], whereas Nachnani et al. (2010) reported that lower white blood cell counts, higher alkaline phosphatase, and higher iron level, were associated with severe thrombocytopenia during antiviral therapy [32
]. The present study was aimed at finding factors associated with severe thrombocytopenia in patients with baseline thrombocytopenia, and observed that baseline platelet counts < 100,000/μL and rapid early platelet decline (> 30% decline of platelets 2 weeks after initiation of therapy) were strong factors for predicting the development of severe thrombocytopenia during antiviral therapy. Lower baseline platelet counts, which reportedly correlate with decreased liver function and lower TPO level [17
], account for lower on-treatment platelet counts. Alternatively, rapid early platelet decline may represent higher repression of megakaryopoiesis, or increased platelet consumption. Further studies assessing megakaryocytes, autoimmune anti-platelet antibodies, and virological response during combination therapy are warranted to elucidate factors associated with rapid early platelet decline, and consequent development of severe thrombocytopenia.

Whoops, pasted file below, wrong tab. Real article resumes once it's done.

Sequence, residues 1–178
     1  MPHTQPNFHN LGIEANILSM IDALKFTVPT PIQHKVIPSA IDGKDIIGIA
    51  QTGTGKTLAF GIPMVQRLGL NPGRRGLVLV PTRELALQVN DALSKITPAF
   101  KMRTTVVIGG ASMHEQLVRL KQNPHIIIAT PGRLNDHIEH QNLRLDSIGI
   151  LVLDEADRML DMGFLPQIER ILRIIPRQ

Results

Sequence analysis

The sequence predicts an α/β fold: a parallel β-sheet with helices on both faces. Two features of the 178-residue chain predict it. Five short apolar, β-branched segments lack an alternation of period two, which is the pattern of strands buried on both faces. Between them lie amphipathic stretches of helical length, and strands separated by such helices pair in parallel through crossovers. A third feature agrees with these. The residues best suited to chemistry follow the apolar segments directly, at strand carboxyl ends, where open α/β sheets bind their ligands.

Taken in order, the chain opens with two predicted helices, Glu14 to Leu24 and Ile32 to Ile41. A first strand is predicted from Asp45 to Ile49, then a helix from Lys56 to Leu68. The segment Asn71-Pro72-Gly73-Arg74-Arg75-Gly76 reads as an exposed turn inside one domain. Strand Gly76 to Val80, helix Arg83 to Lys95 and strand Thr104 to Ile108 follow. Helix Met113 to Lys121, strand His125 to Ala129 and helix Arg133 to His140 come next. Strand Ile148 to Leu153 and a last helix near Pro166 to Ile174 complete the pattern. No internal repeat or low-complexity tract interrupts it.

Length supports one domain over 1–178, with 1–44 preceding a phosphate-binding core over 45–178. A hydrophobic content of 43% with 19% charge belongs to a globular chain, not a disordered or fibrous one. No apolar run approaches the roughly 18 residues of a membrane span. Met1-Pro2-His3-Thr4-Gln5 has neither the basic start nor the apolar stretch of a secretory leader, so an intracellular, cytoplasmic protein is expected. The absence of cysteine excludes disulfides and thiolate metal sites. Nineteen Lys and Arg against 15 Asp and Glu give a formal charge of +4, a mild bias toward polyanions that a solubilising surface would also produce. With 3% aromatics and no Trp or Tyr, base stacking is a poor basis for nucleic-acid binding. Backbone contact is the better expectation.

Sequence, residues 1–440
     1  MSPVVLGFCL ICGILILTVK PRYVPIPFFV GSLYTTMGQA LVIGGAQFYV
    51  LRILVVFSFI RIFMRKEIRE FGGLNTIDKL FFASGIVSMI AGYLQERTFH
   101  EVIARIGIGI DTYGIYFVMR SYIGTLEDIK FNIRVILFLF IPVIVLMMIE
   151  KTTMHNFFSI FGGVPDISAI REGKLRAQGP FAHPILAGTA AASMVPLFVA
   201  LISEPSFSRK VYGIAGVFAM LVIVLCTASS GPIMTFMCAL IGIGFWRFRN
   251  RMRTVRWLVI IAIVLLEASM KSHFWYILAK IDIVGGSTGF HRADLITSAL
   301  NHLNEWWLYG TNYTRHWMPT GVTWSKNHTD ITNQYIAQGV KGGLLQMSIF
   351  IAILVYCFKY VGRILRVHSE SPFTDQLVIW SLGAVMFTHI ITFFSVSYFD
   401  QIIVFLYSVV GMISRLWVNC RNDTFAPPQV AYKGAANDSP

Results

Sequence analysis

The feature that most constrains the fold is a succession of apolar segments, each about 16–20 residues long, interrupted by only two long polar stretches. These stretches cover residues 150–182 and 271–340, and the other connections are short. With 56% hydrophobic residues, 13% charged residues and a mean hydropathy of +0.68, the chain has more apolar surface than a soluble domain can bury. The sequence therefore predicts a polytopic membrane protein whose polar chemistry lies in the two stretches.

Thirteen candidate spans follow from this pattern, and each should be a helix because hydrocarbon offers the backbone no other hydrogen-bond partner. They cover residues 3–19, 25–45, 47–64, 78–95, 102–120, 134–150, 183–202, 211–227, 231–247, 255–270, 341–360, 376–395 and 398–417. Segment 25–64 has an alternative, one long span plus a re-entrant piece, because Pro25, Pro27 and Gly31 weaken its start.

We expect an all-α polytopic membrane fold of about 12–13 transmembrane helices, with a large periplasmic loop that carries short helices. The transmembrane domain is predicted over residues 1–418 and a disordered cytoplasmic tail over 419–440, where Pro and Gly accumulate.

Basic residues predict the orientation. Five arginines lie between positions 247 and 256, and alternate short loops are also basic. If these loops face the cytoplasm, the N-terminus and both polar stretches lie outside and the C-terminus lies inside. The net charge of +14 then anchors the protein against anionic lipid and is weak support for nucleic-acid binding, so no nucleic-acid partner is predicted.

The other factor, cirrhosis, reported by Roomer et al. (2010) as a significant factor in severe thrombocytopenia during antiviral therapy in the general population with chronic hepatitis C, was not relevant in the current study. Although low pretreatment platelet count and albumin level, suggestive of cirrhosis status, were significant on univariate analysis, the significance of cirrhosis in prediction of on-treatment severe thrombocytopenia may be restricted by small sample size. In addition, the majority of patients without cirrhosis in the present study were classified as having advanced hepatic fibrosis (F3). It is reasonable to postulate that the increased susceptibility to thrombocytopenia in these patients may also decrease the difference in the rate of severe thrombocytopenia in patients with cirrhosis compared with the rate in those without cirrhosis.